From the idea of ‘cooperation without coordination’ arising from social sites such as GitHub to the events of the Arab Spring made possible by social media, today the concept of online collaboration seems to be commonplace if not overused.
However, eight years ago, online collaboration was still in its infancy and considered be a novel innovation. Incidentally this was around the time when Clare Brett, an associate professor in the Department of Curriculum Teaching and Learning at the Ontario Institute for Studies in Education (OISE), began her work with wikis.
Born out of her interest in educational technology and her desire to create a writing environment where her graduate students could practice academic writing, Prof. Brett’s Instructional Technology Courseware Development (ITCDF) project, Wikis as a shared writing environment for graduate and preservice courses, investigated and implemented wikis in a few graduate courses at OISE between 2005 and 2006.
The wikis were used in the courses for writing group assignments, asking or answering questions, and knowledge sharing between groups, and included a variety of rudimentary functions. For example, they allowed users to track revisions and understand why editing changes were made.
According to Prof. Brett, when asked for their feedback, students generally had a positive reaction towards the wikis. There was a general consensus that wikis were an effective tool for collaboration and it provided them with a sense of community.
Yet, despite the positive attitudes towards wikis, Brett discovered from the project that collaborative editing and the usage of wikis were not natural processes.
“We were building a wiki at a time when wikis were very new,” Prof. Brett said.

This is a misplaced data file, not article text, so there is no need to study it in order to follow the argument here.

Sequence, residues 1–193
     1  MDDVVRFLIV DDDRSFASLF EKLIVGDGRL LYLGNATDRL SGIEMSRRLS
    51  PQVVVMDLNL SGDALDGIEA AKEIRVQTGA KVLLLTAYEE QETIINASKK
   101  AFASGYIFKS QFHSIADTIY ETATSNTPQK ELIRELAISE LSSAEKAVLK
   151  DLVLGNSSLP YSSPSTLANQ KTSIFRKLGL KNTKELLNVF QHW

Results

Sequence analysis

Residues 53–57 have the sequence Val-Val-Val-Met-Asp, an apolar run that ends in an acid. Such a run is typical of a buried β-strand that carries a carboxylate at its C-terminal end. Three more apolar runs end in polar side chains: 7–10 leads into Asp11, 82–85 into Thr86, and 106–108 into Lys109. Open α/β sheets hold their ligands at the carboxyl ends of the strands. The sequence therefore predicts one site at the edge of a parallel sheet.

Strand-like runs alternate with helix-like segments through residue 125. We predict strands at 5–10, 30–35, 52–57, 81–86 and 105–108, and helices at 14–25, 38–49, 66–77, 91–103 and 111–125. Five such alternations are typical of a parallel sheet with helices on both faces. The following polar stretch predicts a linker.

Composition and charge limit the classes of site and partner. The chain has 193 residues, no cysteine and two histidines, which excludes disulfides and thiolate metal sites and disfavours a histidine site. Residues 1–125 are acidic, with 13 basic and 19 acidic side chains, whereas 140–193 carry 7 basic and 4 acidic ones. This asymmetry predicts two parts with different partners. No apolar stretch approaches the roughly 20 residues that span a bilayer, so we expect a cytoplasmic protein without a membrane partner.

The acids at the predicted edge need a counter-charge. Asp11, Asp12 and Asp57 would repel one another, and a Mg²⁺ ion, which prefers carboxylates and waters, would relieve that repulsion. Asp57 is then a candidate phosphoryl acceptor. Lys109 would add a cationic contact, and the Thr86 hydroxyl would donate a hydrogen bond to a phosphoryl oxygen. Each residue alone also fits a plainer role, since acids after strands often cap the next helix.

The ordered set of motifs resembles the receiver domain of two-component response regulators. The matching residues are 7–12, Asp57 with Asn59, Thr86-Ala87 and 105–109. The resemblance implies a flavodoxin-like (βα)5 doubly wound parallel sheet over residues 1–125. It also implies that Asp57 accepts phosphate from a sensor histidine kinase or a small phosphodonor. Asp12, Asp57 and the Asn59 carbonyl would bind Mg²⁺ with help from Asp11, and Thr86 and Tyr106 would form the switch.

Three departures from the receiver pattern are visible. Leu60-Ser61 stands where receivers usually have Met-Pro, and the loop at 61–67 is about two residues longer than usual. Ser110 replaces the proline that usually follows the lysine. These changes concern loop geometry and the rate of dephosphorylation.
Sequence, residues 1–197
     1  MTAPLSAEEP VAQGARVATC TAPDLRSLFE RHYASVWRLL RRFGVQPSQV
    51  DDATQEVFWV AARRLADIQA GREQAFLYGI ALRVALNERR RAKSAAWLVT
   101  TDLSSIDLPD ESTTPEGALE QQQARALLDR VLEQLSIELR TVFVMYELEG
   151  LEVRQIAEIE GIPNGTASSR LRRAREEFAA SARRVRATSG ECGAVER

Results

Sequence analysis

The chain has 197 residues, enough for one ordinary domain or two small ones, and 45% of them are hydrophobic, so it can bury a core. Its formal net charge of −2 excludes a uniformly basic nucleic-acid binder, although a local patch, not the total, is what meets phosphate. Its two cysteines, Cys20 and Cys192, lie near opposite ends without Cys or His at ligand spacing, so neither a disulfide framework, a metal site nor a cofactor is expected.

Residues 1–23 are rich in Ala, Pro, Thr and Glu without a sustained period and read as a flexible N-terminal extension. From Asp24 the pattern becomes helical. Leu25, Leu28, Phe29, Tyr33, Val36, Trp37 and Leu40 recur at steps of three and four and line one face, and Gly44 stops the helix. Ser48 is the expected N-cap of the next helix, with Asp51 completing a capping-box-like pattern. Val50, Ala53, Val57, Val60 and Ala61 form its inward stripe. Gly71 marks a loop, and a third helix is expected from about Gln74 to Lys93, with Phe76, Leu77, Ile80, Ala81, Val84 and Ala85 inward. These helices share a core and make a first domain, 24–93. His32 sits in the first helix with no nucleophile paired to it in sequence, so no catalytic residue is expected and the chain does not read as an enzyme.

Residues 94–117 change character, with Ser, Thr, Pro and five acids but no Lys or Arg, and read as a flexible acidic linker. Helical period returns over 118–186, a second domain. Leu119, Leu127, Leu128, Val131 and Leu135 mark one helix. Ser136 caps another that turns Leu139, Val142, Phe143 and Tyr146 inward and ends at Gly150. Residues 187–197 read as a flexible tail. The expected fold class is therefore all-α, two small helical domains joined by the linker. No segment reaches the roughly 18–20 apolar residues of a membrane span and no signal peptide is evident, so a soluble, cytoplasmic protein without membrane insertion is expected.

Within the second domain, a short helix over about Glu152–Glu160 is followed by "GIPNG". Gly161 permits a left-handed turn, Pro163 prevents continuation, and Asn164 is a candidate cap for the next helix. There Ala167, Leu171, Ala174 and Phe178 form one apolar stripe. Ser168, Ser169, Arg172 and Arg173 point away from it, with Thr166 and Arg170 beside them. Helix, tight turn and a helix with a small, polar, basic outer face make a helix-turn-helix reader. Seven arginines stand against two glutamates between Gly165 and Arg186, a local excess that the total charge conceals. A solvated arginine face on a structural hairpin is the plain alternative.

“In the literature there is talk of how discussion is, in fact, a primary mechanism for supporting learning,” but, according to Prof. Brett, some students, mainly non-computer programmers, were uncomfortable with the collaborative technology and needed support.
Other problems included issues with task-organization, lack of threading, and loss of text.
Nevertheless, these problems were corrected with each successive version of wikis that Prof. Brett was involved in.
The project also informed Prof. Brett’s later and current works such as with Pepper, a threaded discussion environment used by the faculty of OISE when teaching their courses.
Unlike the wikis used in the project, Pepper has superior capabilities such as allowing students to cite each other’s works, avatar creations, and seeing which users are online.
“There wasn’t a lot going on during that time [with regards to teaching technologies],” Prof. Brett says. “Now I’m overwhelmed with technology … the pace of change is huge.”
And that’s why studying how technology is used in education is even more critical today, and why Prof. Brett’s original ITCDF grant was so important. Even if she is no longer using the wikis as she once did, what she learned from that process helps her keep up with the pace of change.